Lovecraft Country serves up another dish of oh-my-god-what-the-fuck as biblical imagery, science, and magic collide in this haunted house episode, “Whitey’s On The Moon.” Once again, Misha Green’s pen pushes a horrifying narrative mixed with macabre gore, insightful exploration of Black American life in the mid-20th-century, melding the popular voices that spoke truth to power with the images that defined the era. Daniel Sackheim’s direction helps strengthen the show’s roots of Americana and traditional fantasy-adventure elements. We’re moving on up to a family drama with a lot of dark secrets.
“Now we’re up in the big leagues, getting our turn at bat,” booms the classic theme song of The Jeffersons as Leti (Jurnee Smollett) and George (Courtney Vance) twirl about their new deluxe rooms. The mansion in the middle of nowhere seemingly provides what the heart desires most, by daylight. For George, stacks of books; for Leti, a bespoke wardrobe. But as George and Louise discovered back in 1975, just because they arrived in a better neighborhood, doesn’t mean they’ve escaped their problems. Costume designer Dayna Pink highlights the parallels between these families’ situations by dressing Smollett in a pink dress with a matching jacket, similar to the one actress Isabel Sanford, who played Louise, wore when she first arrived at the East Side apartment. But, Atticus (Jonathan Majors) isn’t distracted by the piece of pie offered to him. He remembers the vampiric beasts out there, and his father’s still mysteriously off in Boston.
By night, we learn, the mansion offers only horrors. The locked room transports Atticus back to the war. Gunshots ring out and Ji-ah (Jamie Chung), the woman he spoke to on the phone in “Sundown,” attacks him with a knife. She gives him the business, slicing into his shoulder, forcing Atticus to fight back, reducing him to the brute strength that comes with the survival of the fittest. Leti, on the other hand, lives out a romance with Atticus (at last, a love story with the insanely hot leads.) Omg, Leti spills her heart out about her abandonment issues with her mother, and “Atticus” promises complete devotion on the spot.
But haunted houses will not let them know peace. The images of Adam’s snake penis should have been the first clue that these were more than just illusions. In H.P. Lovecraft’s stories, even when a demon unleashed their cruelty on the world, there was always a human holding the reins. And what’s dinner without a show? In making the lodge members privy to what’s happening in the house’s rooms, the Braithwaites make a sex worker out of Leti, a spectacle out of Atticus, and an emotional sadist’s dream out of George. “They want to terrorize us. Make us scared,” George instills in his younger traveling companions. “But Letitia Fucking Lewis doesn’t get scared, does she?”
The mansion, home to the Braithwhites, stands proudly in an open field that is surrounded by woods. The builders situated the brick building so that it would be secluded enough that no one would stumble upon it, yet not guarded like a fortress. No high gate to keeps local youths from snooping around. The behemoth looks more like a university than a home, with its glass domes and Renaissance paintings of white angels descending from the heavens decorating the halls. In other words, this place holds secrets that the owners aren’t concerned about getting out. The law cannot touch them. Perhaps they are the law.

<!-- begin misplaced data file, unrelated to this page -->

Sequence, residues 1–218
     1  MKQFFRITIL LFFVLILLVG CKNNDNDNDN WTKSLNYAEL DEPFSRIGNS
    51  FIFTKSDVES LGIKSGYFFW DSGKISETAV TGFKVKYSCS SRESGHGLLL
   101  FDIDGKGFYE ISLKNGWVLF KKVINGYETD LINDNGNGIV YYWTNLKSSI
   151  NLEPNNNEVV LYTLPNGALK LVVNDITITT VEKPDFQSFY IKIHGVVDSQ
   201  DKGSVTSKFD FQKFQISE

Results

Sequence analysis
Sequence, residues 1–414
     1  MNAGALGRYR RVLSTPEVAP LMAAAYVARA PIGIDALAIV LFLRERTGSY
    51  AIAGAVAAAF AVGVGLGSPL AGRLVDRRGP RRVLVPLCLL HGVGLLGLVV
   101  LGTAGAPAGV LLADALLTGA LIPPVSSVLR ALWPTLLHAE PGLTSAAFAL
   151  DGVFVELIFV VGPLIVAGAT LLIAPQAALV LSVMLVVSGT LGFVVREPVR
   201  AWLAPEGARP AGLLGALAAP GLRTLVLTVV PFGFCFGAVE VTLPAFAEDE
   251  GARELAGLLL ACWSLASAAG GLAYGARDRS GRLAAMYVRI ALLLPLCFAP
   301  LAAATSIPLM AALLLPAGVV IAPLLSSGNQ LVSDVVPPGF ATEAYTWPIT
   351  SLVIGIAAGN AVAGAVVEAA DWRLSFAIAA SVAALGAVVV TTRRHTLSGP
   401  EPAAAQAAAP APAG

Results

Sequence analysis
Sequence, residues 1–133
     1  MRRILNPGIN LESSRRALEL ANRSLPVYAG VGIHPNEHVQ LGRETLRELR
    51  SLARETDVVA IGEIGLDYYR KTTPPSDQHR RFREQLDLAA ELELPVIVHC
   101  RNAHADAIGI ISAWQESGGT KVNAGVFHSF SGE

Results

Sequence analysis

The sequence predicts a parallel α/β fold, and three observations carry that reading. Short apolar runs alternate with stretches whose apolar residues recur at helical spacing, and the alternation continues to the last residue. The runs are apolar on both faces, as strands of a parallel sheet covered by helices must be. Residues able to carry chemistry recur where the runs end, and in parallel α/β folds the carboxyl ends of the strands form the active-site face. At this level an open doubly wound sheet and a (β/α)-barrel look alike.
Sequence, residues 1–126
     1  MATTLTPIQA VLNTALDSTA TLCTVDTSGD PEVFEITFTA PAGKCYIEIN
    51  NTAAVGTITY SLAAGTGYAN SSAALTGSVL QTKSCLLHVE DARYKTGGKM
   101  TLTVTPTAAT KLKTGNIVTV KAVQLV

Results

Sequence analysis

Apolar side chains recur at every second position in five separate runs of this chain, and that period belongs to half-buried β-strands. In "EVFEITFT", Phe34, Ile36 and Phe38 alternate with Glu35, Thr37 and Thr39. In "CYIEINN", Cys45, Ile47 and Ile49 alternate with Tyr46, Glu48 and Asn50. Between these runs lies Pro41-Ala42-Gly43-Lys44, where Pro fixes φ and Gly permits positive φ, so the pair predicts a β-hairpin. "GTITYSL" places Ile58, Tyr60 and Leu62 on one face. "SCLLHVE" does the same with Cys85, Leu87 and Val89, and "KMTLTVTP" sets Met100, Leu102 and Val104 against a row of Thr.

Titus Braithwhite built this ancestral home. His name, of course, evokes images of the Roman Emperor Titus of Utica, most famous for leading the charge against the first Jewish rebellion. The close-up on the portrait of Titus B. features the same square head as the Roman emperor, and a large white ring that screams cult founder gives Atticus the heebie-jeebies.
Like the emperor, Titus’ loyal subjects dictated his legacy. Titus Braithwhite made his fortune in “shipping,” which Leti quickly declares as code for slavery. William (Jordan Patrick Smith) continues that loyalty by explaining how kind Titus was to the people who worked for him. Later, it’s revealed that kindness was a polite way of saying rape. Given that every burned building reference in the show so far links back to the revolt of slaves and subsequent cover-up of that damage, it’s clear that this is not a welcome place for Black Americans. A fire in the house killed almost everyone inside in the 19th century. Now, a gathering of lodge members heads to the mansion. Leti and George can’t remember their daring escape the night before. Ah! It’s Get Out all over again. Run.
Luckily the trio abides by the Black horror movie survival guide’s number one rule: stick together. With that in mind, they agree to check out the town to see if anyone knows more about Atticus’ father. John Fogerty’s “Bad Moon Rising” plays in the background; rumor has it Fogerty wrote the song about an impending apocalypse. Everything looks ancient in town, with wooden one-story shacks with doors that hang slightly off their hinges. Leti, George, and Atticus look like they stepped out of a time machine in their ’50s garb. The townsfolk wear the same attire one might expect to find in a 15th-century French fairytale. I exaggerate, but you get the point. As they weave through the village, none of the townspeople seem particularly concerned about the three new Black people walking through their yards. Leti and George become lost in thought over whether or not Atticus has shell shock. But then they all hear the whistle Atticus described to them earlier.